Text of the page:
Most of the mainstream media has had a go at profiling Julian Assange, but Domscheit-Berg’s portrayal of the WikiLeaks founder is the most insightful to date. Many journalists have commented on his brilliant, wilful, erratic, paranoid personae, but none has lived with him on a day-to-day basis, as Domscheit-Berg did. “Julian often behaved,” he writes at one point, “as though he had been raised by wolves rather than by other human beings. Whenever I cooked, the food would not, for instance, end up being shared equally between us. What mattered was who was quicker off the mark. If there were four slices of Spam, he would eat three and leave one for me if I was too slow.”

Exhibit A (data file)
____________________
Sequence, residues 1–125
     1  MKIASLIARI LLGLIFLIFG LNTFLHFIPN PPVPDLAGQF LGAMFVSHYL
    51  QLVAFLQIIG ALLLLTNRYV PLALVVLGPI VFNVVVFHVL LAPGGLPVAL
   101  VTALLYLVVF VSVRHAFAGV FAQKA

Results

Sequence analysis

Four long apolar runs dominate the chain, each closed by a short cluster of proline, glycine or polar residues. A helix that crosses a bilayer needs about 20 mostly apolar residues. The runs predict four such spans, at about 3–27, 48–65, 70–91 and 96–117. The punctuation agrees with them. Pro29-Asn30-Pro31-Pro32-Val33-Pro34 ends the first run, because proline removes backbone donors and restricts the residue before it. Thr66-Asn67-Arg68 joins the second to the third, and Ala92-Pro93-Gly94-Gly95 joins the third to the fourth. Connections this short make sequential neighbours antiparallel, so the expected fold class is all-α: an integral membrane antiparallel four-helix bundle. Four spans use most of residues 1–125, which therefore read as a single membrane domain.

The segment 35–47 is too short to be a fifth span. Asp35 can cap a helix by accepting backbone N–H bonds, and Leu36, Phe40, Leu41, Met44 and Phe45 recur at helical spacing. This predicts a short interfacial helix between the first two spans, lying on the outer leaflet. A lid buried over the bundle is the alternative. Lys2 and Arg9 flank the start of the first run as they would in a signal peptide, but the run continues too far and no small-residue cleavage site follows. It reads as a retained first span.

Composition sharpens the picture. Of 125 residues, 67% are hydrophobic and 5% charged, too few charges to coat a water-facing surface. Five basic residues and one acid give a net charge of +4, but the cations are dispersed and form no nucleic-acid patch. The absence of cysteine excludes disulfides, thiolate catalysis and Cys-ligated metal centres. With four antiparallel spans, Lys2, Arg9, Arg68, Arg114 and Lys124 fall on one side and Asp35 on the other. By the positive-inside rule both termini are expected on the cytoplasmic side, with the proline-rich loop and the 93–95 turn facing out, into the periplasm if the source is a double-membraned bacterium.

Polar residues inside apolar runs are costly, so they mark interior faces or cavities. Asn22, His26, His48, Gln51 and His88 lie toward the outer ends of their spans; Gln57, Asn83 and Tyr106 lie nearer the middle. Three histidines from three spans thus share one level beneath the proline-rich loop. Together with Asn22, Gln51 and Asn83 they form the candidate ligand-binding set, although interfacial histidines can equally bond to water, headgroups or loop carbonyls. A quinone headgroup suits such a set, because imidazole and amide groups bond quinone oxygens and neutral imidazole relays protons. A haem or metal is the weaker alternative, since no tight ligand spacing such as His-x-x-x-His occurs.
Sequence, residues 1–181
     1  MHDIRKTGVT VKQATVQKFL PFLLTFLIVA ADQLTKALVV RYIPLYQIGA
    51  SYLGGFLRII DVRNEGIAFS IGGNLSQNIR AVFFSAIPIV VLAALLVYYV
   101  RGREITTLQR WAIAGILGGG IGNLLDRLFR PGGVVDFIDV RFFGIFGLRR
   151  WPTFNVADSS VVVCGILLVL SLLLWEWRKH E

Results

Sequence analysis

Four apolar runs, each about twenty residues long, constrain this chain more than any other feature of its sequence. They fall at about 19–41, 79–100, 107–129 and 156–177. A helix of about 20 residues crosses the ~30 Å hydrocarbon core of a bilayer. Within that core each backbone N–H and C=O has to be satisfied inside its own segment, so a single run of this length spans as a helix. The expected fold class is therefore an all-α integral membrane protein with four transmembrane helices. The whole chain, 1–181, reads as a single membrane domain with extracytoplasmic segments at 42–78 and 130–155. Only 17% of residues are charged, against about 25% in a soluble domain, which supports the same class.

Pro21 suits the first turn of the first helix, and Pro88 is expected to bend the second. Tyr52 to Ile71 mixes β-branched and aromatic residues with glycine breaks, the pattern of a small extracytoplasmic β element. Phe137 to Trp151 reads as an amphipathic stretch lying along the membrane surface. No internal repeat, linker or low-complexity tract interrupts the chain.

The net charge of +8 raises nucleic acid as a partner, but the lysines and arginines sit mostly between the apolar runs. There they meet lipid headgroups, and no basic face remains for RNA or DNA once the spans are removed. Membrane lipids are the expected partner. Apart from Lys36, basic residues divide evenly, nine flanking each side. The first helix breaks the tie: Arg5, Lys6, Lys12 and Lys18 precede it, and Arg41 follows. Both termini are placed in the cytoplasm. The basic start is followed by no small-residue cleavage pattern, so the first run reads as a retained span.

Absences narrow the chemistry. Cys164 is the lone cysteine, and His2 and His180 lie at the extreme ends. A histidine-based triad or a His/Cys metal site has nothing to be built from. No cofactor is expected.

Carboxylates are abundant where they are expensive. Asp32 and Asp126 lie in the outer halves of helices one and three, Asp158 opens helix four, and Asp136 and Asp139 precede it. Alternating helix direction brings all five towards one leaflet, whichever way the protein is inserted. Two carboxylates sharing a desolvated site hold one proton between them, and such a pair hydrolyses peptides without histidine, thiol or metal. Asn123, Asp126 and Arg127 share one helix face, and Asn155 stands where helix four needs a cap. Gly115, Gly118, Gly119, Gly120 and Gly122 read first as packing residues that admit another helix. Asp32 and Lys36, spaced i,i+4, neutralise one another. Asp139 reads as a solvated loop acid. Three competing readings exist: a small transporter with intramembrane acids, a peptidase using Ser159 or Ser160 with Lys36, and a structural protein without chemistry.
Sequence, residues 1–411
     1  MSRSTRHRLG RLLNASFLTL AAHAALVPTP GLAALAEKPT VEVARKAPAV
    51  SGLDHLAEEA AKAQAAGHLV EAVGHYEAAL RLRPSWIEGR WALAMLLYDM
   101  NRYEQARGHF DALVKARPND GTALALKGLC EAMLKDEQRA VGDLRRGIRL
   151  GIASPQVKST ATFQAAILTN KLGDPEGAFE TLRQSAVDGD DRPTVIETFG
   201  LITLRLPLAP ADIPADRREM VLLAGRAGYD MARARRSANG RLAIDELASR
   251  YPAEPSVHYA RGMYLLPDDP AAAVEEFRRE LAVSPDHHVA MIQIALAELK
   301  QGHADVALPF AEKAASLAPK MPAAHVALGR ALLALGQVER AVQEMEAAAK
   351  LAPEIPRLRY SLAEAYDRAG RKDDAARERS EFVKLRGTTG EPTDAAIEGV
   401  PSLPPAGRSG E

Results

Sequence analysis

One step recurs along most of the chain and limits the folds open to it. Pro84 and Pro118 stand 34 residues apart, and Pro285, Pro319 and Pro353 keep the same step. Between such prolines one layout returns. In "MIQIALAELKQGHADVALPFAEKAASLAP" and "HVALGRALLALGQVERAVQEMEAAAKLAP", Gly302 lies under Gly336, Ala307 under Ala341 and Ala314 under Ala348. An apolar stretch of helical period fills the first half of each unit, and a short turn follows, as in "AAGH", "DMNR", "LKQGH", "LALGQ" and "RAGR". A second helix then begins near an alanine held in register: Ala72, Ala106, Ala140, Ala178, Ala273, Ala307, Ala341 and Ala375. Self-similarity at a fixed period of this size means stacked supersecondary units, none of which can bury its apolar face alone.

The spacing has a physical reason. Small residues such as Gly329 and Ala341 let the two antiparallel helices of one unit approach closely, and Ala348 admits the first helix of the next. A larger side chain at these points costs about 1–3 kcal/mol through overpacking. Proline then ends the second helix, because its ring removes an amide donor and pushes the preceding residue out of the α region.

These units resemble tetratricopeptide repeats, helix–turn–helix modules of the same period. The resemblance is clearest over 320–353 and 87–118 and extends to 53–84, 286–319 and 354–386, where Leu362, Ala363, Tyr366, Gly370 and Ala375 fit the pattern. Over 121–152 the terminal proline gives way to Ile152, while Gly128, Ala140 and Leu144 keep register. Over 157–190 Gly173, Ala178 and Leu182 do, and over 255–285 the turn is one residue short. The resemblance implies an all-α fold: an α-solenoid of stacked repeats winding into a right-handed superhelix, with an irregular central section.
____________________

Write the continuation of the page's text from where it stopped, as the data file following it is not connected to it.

This indifference to the needs of others, together with a maniacal self-centredness and an amazing ability to concentrate on technical problems, is par for the course for computer geniuses. (Think of the portrayal of Mark Zuckerberg, the founder of Facebook, in the film The Social Network, or of the early Bill Gates.) It’s what enables them to create things, to conjure up unimaginable constructs by sheer force of intellect and will. But it’s also what makes them incapable of managing things on a day-to-day basis – and that, in a nutshell, is the burden of Domscheit-Berg’s complaint. As he tells it, the task of running and financing a complex operation was difficult enough without having a capricious, secretive and often uncontactable boss who can – and often does – countermand the carefully laid arrangements of subordinates.